Galvanostatic cycling was used for measuring; the potential window was set from 2.7 to 4.2V (versus lithium). Two cycles of charging and discharging have always been carried out during which the used charging and discharging currents were 0.5 C (calculated from the weight of the deposited material provided the capacity of the material is 120 mAh/g). The real value of the capacity of the sample has been deducted from these two cycles and then the sample was cycled five times by 0.5 C current. The rate of capability was measured for one selected sample; the sample was always charged by 0.1 C current and the discharge was carried out seven consecutive times by the currents 0.1 C, 0.2 C, 0.5 C, 1 C, 2 C, 5 C and 10 C.

 

Results and discussion

All produced samples of LiCoO2 + x%Na and LiCoO2 + x%K were compared with the samples of pure LiCoO2 produced in a similar way in three annealing bowls, and labelled I-II.

Almost all samples' capacities in the group of LiCoO2 + x%K materials were comparable to the samples of LiCoO2. LiCoO2 + 5%K material was used for comparison. It is similar in the group of LiCoO2 + x%Na materials: their capacities are similar to the capacities of LiCoO2 samples. LiCoO2 + 5%Na and LiCoO2 + 2.5%Na materials were used for comparison. The comparison of selected materials can be seen in Fig. 1.

 

 

We can see from the results of the measurements that the groups of LiCoO2 + x%Na and LiCoO2 + x%K materials achieved during the first two cycles similar capacities as the basic material LiCoO2. The discharge curve was steeper in the case of the group of LiCoO2 + x%Na materials and these materials reached lower voltage much earlier. Also, the capacity difference between the first and second cycles was greater than from the basic material. These differences are evident from Fig. 1 and Tables 1, 2 and 3.

 

 

 

 

During the measuring of 5 charging / discharging cycles by the 0.5 C current it was found that materials from the group LiCoO2 + x%Na have a higher decline in capacity and overall lower capacity than the base material and also more rapid voltage drop than LiCoO2 material. Materials from the group LiCoO2 + x%K also showed lower capacity and higher drop of the capacity with the exception of the material LiCoO2 + x%K. This material had similar capacity as the base material and showed slightly lower capacity decrease than the base material. When compared with materials from the group LiCoO2 + x %Na and the base material in Fig. 2 and Fig. 3, and in Table 4, we can see that this material has much more gradual decrease in discharge voltage than the base material and the difference is even more evident with the increasing number of cycles.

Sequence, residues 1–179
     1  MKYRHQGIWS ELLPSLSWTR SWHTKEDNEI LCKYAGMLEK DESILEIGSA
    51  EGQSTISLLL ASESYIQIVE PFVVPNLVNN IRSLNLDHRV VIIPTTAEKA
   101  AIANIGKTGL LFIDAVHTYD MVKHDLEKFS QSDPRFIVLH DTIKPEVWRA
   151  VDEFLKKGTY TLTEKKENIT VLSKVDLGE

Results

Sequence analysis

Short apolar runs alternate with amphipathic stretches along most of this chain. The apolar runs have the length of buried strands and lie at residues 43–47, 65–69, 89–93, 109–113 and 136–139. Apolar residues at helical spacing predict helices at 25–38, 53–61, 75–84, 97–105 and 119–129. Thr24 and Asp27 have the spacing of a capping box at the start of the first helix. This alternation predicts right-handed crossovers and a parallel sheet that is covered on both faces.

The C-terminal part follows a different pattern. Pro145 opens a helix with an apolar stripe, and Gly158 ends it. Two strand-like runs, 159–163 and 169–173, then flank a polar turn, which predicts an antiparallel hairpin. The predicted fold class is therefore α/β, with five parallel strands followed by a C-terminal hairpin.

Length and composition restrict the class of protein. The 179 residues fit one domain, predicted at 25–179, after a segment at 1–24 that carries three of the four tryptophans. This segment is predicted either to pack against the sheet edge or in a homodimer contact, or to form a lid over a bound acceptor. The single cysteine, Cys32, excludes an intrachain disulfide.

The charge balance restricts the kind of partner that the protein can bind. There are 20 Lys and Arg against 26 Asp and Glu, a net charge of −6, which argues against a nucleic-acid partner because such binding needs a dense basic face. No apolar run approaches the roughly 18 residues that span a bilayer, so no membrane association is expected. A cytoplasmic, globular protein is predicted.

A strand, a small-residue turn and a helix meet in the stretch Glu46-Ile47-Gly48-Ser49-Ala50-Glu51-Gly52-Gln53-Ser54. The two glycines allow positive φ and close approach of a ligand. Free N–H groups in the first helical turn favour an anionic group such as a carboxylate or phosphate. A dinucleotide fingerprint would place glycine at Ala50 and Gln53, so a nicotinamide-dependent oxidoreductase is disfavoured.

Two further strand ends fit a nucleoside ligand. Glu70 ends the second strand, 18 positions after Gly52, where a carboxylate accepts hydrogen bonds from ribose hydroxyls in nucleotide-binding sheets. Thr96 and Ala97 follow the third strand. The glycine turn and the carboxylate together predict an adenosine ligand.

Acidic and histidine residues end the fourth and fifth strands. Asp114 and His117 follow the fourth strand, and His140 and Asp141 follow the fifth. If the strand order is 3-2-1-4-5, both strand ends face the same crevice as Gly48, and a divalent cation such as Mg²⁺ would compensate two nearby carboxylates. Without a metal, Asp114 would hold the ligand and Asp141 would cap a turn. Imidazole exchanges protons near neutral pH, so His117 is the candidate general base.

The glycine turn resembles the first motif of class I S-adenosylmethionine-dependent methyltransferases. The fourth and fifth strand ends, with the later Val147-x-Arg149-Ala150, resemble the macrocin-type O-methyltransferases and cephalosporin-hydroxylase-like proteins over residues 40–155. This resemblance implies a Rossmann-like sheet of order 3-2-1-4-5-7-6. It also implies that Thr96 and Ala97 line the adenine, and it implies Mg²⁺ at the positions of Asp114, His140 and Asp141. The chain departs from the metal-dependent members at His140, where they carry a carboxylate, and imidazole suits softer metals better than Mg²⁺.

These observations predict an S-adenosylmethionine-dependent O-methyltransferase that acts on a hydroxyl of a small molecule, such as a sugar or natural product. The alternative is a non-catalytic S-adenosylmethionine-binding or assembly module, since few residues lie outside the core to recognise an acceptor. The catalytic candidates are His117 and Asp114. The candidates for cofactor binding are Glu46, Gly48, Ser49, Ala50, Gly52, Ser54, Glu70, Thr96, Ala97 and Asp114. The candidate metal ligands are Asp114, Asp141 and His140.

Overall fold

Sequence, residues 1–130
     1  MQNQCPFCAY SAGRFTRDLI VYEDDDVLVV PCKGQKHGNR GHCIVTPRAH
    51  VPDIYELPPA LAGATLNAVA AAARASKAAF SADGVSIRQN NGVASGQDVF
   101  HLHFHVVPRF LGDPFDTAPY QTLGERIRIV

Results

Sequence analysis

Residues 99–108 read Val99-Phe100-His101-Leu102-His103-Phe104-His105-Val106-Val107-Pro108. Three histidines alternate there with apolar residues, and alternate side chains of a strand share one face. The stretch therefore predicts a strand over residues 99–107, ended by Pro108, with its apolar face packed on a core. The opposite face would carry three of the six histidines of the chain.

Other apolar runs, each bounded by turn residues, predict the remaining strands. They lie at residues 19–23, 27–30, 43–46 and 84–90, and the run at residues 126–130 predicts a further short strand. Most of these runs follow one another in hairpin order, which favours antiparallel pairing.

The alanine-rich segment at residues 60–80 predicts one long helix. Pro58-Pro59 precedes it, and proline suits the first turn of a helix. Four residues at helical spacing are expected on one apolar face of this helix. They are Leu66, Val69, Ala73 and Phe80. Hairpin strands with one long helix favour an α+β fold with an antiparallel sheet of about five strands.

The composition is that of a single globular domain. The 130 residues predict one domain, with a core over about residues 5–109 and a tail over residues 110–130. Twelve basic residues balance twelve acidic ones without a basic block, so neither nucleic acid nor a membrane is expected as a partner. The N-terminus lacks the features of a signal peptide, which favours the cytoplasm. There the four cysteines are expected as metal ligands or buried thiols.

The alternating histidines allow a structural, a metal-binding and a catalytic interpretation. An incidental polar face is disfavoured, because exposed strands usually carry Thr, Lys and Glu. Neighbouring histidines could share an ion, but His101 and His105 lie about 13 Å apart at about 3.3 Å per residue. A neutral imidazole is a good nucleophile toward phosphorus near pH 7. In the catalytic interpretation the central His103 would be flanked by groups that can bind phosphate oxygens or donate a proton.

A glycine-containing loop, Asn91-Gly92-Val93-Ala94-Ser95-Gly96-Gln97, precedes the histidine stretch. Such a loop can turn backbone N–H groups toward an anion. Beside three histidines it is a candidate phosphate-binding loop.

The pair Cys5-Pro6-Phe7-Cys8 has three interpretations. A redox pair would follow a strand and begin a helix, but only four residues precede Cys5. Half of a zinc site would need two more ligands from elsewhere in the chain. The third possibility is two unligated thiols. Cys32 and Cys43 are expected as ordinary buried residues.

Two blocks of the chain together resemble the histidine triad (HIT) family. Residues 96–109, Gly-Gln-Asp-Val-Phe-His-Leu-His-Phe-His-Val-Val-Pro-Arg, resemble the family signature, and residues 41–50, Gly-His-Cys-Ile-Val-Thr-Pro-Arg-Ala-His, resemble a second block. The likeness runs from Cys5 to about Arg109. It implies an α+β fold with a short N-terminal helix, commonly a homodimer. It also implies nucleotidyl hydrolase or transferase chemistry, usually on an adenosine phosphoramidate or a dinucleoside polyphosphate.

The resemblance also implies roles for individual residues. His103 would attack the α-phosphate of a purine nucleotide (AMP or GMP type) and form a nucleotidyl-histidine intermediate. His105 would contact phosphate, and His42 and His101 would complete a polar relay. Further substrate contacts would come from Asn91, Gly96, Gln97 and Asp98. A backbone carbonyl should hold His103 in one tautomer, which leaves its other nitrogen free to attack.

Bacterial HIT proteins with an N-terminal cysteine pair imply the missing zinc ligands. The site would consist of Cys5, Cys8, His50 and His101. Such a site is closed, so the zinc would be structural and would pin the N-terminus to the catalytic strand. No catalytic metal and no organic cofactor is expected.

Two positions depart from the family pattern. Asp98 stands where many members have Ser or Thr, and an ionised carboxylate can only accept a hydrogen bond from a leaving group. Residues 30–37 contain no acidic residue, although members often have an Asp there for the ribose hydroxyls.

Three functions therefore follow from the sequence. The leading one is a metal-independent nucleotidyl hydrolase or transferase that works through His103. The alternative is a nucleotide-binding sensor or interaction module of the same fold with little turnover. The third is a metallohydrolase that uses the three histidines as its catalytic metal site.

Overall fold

Then the measurement of the Rate Capability was done and it was found that none of the materials is able to achieve better results than the basic material LiCoO2 at a higher load vis. Fig. 4.

 

 

 

Conclusion

Both groups of the doped materials achieved similar capacities as the basic LiCoO2 material during the first two cycles. But the LiCoO2 + x%Na group showed steeper decrease of the discharging curve and of the capacity during cycling. It was discovered that the materials from the LiCoO2 + x%Na group were losing capacity faster and the decrease of the discharging curve was steeper during cycling than for the basic material. The materials from the LiCoO2 + x%K group showed lower capacity and their steeper decrease. The only exception was the LiCoO2 + x%K material which showed similar capacity as the pure LiCoO2 material and slightly lower capacity and voltage decrease during discharging. The positive effect of doping to stabilization of the structure will most likely begin to show up at a higher representation of the doping element. The atoms of potassium have slightly larger radius compared to sodium atoms which could help to improve the intercalation of Li during its inclusion. We will focus on the analysis of doping it with a higher proportion (up to 10% in our future work).

 

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Acknowledgements

This work was financial supported by the Centre for Research and Utilization of Renewable Energy under project No. LO1210 – „ Energy for Sustainable Development (EN-PUR) “, Support for human resources and transfer of knowledge in conditions of international cooperation of research teams CZ.1.07/2.3.00/20.0103, project FEKT-S-14-2293 and Company FEI.

 

*Corresponding author. E-mail address: xkazda02@stud.feec.vutbr.cz

Received 11 July 2013; accepted 23 December 2013